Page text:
July 27th, 2018
Mondello Park has pulled out as the host venue for a controversial sky lantern event that was set to take place next month despite fire concerns amid ongoing drought conditions in Co Kildare.
The Lights Fest was set to take place on 11 August at Mondello Park in the heart of the countryside and involve live music and dancing as well as the release of sky lanterns – small hot air balloons made of paper.
According to the festival’s website, attendees would ignite their sky lanterns with Tiki torches in the evening and let “them take flight”.
Concerns have been raised, however, about the safety of the event by environmentalists, the general public, the Irish Aviation Authority, Kildare County Council and Kildare Fire Services.
This afternoon, Mondello Park issued a statement on its Twitter account in response to a question from 2FM’s Keith Walsh that the event will no longer take place at Mondello.
“Following communication with the event organiser Mondello Park can confirm that the planned Lights Fest event on August 11th will not take place at the venue,” the statement reads.
Kildare resident and environmental campaigner, Deirdre Lane, welcomed the decision, after raising her concerns with authorities in Kildare on numerous occasions in recent months.
“Fire hazard aside, these lanterns are a huge threat to the environment, with birds getting entangled in wires stuck in trees, or wildlife, cattle or pets getting injured when they step into the sharp frames or accidentally ingesting parts of them,” she added.
The event organisers failed to reply to several requests from The Green News for comment about the planned event.
Fire safety issues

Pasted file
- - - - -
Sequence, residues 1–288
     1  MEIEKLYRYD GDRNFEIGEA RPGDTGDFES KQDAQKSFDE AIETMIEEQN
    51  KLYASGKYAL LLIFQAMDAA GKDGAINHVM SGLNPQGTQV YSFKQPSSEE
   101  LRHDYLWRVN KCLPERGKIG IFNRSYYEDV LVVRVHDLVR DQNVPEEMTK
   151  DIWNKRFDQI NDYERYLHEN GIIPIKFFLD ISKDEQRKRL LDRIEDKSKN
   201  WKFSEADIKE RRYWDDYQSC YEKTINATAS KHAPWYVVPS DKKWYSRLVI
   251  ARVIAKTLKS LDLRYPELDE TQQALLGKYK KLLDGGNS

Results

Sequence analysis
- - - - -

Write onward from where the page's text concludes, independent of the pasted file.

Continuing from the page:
The festival’s website states that it has been held in several countries with a “perfect safety record” to date. They state that the lanterns are modified to land within the event property for easy retrieval.
The Irish Aviation Authority (IAA), however, said that the festival organisers have not applied to the IAA for such a release that would be “illegal unless appropriate permission were granted”.
“We are aware of the advertising and promotional material surrounding this proposed event currently circulating online,” an IAA spokesperson told The Green News.
The IAA does “not endorse or encourage” the use of sky lanterns, the spokesperson said, with safety guideline indicating that no individual or group may release more than 20 sky lanterns in a single launch.
“For the purposes of these Guidelines ‘simultaneously released at a single site’ shall mean the release of not more than 20 Sky Lanterns during a period not exceeding 15 minutes from within an area not exceeding one-kilometre square,” the Authority’s safety guide states.
Kildare authorities concerned
Celina Barrett, Chief Fire Officer for the Kildare Fire Service, said that they had tried to “use our influence to stop it going ahead”. She added, however, that, as the number of attendees would be fewer than 5,000, the organisers do not require an event license.
“Neither the Fire Service nor Kildare County Council has any powers to prevent or cancel the event as it does not require a licence under our current legislation,” she said, with Kildare County Council confirming this in a statement.
Sky Lanterns are banned in several countries including Colombia, New Zealand, Spain, Germany, parts of Canada and number of states in the US.
A sky lantern also caused a fire at a plastic recycling plant in Birmingham in 2013 that involved more than 200 firefighters and cost £6 million in damages. Eleven firefighters were injured. In 2010, a boy’s face was badly burned in Wrexham as hot wax from a lantern landed on his face.
Lights Fest’s website says their lanterns are 100 per cent biodegradable, contain no metal wiring and are made from rice paper, string and bamboo. They also state that they treat the rice paper to ensure it is fire resistant.